Goodbye Ox, Hello Tiger: A Celebration of Lunar New Year

From dragons to red envelopes, an examination of the spirit behind the holiday.


James Zhang

While many cities, including New York City, put on a parade full of traditional dancing, the Bronx High School of Science has a production of their own. Every year, the school’s Lunar New Year Productions club puts on a show filled with traditional dances such as this Lion Dance, in order to commemorate the beginning of the New Year.

While many in New York City had to spend February 1st, 2022, cooped up in their homes attempting to celebrate to the best of their abilities, out of concern over the Omicron variant of COVID-19, this is not how the typical Lunar New Year begins. On this day, many individuals rang in the new year with traditions, good food, and even better company, but with pandemic restrictions in place. As the name suggests, Lunar New Year is celebrated at the beginning of a new year, but it also celebrates the beginning of Spring. 

In America, the new year is celebrated with  New Year’s Eve parties, with many counting down until 12 am on January 1st and yelling out “Happy New Year” while surrounded by friends and family. While January 1st is always New Year Day for those who follow the Gregorian calendar, the Lunar calendar is not as consistent. The new year begins on the darkest day of the first month of the lunar cycle, or on the first new moon after January 20th of a given year. 

The history of the Lunar New Year is full of legends, passed down through generations of celebration and storytelling. One legend is that of Nian. Nian was a beast who feasted on humans on New Year’s Day. However, Nian feared the color red, loud noises, and fire. This is said to be the beginning of the use of red paper decorations on doors, lanterns burning all night, and firecrackers being lit all day long. At the end of the day, it was believed that the only way Nian could be kept away was with these tactics. These adornments may seem familiar because they are what characterize the physical appearance of the Lunar New Year to this day, for many Americans.

Lunar New Year and its traditions really begin a few days before the day of celebration. Cleaning the house and shopping consume most of the days leading up to the New Year. Not to mention, one must coordinate with family, friends, in order to make sure that everyone will be available for the celebrations. Lunar New Year celebrations revolve around setting off firecrackers and fireworks, and making offerings to one’s ancestors. Ancestors play a large role in the cultures of those who follow the Lunar calendar; those who celebrate consider it promising to begin the year by remembering all of those who came before them. Pop culture further demonstrates this notion in movies such as Mulan with songs like ‘Ancestors, Hear My Pleas.’ The homes of many are adorned in red decorations, lanterns, and couplets celebrating spring. Another hallmark of the Lunar New Year celebration is to honor children by handing out red envelopes filled with lucky money. However, most importantly New Year is characterized by the reunion lunch or dinner that occurs filled with food and laughter. Traditional Lunar New Year foods include longevity noodles, a whole steamed fish that represents abundance, and sticky rice balls representing togetherness, to name just a few.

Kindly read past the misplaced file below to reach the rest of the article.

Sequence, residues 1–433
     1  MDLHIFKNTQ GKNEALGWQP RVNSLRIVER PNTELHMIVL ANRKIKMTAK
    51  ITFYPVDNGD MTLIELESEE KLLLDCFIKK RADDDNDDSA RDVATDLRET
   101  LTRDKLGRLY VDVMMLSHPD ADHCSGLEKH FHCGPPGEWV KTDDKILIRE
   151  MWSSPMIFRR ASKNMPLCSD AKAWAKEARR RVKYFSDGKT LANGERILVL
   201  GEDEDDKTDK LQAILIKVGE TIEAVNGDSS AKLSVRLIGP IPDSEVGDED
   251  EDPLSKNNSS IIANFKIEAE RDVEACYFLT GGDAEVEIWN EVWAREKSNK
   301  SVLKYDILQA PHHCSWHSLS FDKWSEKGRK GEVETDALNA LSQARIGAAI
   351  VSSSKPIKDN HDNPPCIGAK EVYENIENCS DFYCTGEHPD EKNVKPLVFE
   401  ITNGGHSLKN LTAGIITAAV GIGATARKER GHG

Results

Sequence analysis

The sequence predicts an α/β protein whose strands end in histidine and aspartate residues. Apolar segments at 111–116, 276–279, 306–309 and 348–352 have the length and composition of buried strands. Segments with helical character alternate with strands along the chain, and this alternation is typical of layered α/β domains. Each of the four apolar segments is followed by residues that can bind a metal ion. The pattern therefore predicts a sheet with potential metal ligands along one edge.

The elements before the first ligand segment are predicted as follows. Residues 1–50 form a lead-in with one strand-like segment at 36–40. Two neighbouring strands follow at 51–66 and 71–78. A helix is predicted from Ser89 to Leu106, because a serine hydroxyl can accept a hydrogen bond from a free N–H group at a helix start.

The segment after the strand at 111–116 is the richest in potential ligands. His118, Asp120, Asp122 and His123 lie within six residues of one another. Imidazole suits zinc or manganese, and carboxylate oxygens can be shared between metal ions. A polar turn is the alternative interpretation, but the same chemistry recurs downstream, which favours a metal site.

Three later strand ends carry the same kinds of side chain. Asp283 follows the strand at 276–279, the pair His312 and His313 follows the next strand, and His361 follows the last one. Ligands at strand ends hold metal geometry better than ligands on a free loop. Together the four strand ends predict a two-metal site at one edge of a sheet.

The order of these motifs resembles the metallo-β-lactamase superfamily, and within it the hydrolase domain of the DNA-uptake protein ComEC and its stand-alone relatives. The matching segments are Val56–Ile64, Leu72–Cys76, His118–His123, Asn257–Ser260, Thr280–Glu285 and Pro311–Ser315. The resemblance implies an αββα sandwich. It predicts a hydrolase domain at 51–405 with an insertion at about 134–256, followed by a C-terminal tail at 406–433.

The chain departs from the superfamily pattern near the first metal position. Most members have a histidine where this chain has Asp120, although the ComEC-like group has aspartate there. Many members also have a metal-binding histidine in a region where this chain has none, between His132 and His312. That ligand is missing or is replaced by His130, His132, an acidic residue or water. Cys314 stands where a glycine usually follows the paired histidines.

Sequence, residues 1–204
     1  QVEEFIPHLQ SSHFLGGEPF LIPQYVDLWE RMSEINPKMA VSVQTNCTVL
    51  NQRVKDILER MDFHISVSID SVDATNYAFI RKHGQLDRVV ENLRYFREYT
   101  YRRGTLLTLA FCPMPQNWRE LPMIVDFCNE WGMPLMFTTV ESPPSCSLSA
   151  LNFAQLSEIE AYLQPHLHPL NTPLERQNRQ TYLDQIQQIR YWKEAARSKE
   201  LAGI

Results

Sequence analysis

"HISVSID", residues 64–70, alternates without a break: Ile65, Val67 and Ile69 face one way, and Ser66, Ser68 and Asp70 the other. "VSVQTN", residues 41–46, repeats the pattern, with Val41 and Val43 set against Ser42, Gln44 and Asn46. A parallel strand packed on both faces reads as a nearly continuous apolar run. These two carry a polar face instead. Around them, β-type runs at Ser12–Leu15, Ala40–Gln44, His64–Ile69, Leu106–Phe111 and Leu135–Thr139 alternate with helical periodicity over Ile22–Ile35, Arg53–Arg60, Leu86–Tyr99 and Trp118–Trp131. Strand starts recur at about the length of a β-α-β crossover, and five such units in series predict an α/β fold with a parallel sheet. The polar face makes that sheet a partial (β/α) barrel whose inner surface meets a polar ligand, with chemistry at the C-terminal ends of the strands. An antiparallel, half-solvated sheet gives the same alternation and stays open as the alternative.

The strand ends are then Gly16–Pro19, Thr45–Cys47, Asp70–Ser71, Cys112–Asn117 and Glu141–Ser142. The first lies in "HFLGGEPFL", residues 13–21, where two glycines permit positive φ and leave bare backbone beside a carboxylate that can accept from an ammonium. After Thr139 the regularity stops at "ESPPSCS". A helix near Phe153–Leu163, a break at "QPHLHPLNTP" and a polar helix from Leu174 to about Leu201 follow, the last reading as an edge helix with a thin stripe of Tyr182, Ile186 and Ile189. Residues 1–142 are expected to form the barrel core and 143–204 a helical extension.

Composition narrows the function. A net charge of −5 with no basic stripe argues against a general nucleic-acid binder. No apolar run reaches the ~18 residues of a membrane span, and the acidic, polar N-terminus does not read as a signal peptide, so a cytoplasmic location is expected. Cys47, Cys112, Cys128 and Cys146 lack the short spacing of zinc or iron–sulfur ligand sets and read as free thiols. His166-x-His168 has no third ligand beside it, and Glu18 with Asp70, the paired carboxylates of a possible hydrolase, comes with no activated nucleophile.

While in the past, the Lunar New Year was defined by family reunions and large gatherings, the past two years and this year will look a little different. The ongoing global Coronavirus pandemic has forced many Lunar New Year gatherings to have at least some members join the celebrations virtually, either because of travel restrictions or COVID-19 concerns. (Simon2579 / Unsplash)

Last year, which I spent in Taiwan, was the first time in six years where I saw family and got to embrace a part of my heritage. I was able to feel connected to my family since I’m more mature now, and I now understand that aspect of Lunar New Year,” said Asuka Koda ’23. Many aspects of the Lunar New Year are better understood with age. But no matter how old you are, the food and the celebrations all come secondary to the joy that is felt when reuniting with your family. 

Lunar New Year is also commemorated with the beginning of a new animal sign, as each Chinese year is associated with the Chinese zodiac cycle, which includes twelve animal signs: Rat, Ox, Tiger, Rabbit, Dragon, Snake, Horse, Goat, Monkey, Rooster, Dog, and Pig. This current 2022 year is the year of the tiger. The tiger is associated with strength, bravery, and exercising evils. 2022 is also a water tiger year, which only occurs once every 60 years. People born in a year of the Tiger will experience their zodiac year (called “Ben Ming Nian”) in 2022, which is considered bad luck. It is believed that wearing red will bring them good luck. So while everyone will decorate with red, those born in other Tiger years will wear red to ward off any bad luck that may be inflicted upon them this year. 

The Lunar New Year is flooded with wishes for a year filled with happiness, longevity, and good fortune. 

Last year, which I spent in Taiwan, was the first time in six years where I saw family and got to embrace a part of my heritage. I was able to feel connected to my family since I’m more mature now, and I now understand that aspect of Lunar New Year,” said Asuka Koda ’23.